Not to say I didn’t enjoy this book as a child (I got such a kick out of all the Ramona books), but I’m quite certain I enjoyed this one more, this time around.

I can’t get over how well the little-things-that-are-big-things are captured in Ramona’s stories. Here, we have the joy of getting a brand new, smooth, pearly pink eraser to start off the school year. The anger when some wise guy classmate steals that eraser! The humiliation of getting sick in school. The warmth and coziness of a family car ride home on a rainy evening. The thrill and luxury of going out for dinner at Whopperburger!

And the absolute best part of class at school: silent reading! How handy to then be able to pull out something as mature and important as “Sustained Silent Reading” after school, to avoid playing with that annoying little Willa Jean for too long. Even if… “One of these days Willa Jean was sure to catch on that [Ramona] was just reading a book, and Ramona wanted to postpone that time as long as possible.”

I laughed out loud several times, I was touched along the way, and I’m as hyped as ever to be revisiting this series.

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Okay, so it’s my second time linking back to Ramona and Her Father from a different review, but I also enjoyed that one more, the second around. I understand better now how Mr. Quimby must have felt.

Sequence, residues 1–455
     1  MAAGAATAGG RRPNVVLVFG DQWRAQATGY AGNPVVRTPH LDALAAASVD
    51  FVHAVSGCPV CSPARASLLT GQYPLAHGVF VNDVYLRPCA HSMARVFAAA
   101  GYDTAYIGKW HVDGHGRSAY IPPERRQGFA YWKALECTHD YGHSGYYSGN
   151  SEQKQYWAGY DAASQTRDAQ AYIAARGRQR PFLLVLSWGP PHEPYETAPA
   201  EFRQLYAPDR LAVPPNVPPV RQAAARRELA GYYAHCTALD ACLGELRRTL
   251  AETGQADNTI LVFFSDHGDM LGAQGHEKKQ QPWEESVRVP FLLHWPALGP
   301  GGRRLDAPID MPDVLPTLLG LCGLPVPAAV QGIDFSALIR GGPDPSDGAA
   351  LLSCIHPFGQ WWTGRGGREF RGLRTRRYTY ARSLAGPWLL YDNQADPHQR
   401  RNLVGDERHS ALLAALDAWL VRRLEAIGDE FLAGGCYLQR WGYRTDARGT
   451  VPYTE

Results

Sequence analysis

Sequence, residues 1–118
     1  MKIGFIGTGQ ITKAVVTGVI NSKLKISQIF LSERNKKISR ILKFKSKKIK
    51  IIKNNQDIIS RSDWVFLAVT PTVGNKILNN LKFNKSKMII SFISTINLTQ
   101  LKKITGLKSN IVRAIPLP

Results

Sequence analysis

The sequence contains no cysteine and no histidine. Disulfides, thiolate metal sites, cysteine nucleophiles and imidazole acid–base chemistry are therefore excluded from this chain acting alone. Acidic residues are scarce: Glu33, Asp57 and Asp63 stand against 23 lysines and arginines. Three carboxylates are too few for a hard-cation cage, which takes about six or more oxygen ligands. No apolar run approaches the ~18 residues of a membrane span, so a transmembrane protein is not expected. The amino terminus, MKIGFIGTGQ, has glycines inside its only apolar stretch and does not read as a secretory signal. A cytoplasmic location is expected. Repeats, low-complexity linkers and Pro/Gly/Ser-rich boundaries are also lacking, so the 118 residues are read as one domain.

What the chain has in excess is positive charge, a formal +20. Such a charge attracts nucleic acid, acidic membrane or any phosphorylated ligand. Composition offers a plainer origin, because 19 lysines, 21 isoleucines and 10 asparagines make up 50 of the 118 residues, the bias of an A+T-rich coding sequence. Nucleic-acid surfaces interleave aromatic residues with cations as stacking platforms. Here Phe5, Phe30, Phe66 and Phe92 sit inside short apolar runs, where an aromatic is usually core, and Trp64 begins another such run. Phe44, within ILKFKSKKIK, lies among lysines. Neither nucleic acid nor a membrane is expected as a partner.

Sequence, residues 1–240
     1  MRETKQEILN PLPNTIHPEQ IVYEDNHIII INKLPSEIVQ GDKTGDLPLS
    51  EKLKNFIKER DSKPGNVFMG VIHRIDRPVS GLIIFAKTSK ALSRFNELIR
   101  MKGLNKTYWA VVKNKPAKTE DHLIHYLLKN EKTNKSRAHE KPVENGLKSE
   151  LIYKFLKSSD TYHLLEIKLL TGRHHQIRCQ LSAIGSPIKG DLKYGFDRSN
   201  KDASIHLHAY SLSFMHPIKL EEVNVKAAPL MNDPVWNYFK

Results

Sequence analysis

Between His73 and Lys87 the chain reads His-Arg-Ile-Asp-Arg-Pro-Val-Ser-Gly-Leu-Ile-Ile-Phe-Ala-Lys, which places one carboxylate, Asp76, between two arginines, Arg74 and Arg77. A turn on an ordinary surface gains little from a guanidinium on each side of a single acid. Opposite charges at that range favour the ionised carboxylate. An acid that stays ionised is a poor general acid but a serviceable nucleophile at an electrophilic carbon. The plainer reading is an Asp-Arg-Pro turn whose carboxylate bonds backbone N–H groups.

And I’m just now realizing that both of these are Newbery Honor Books!

Ramona and Her Mother by Beverly Cleary

Book reviews are subjective. I tend to rate books not according to how “perfect” they are, seem to be, or are said to be in general but rather to how perfect they are to me.
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Ramona and Her Mother by Beverly Cleary

My rating: 5 of 5 stars

(Click the title to find the book description/blurb.)

Sometimes it seems like Ramona Quimby’s older sister, Beezus, gets all the attention and privileges in the family. In fact, Mrs. Quimby lets neighbors and friends know she couldn’t get along without Beezus, and Ramona feels left out. Yet, a drastic decision Ramona makes will remind her just how her mother feels about her in Ramona and Her Mother by Beverly Cleary.

What a pleasure to revisit one of my favorites in the Ramona series. (What a double-pleasure to have obtained a copy that even smells like the one I read all those years ago. Oh yes indeed.) Cleary has such an understanding of life through the eyes of a seven-and-a-half-year-old, showing how much those childhood matters matter. Reading chapter books! Feeling carsick. New pajamas! Mom and Dad have a spat. And, yes—practicing one’s cursive handwriting!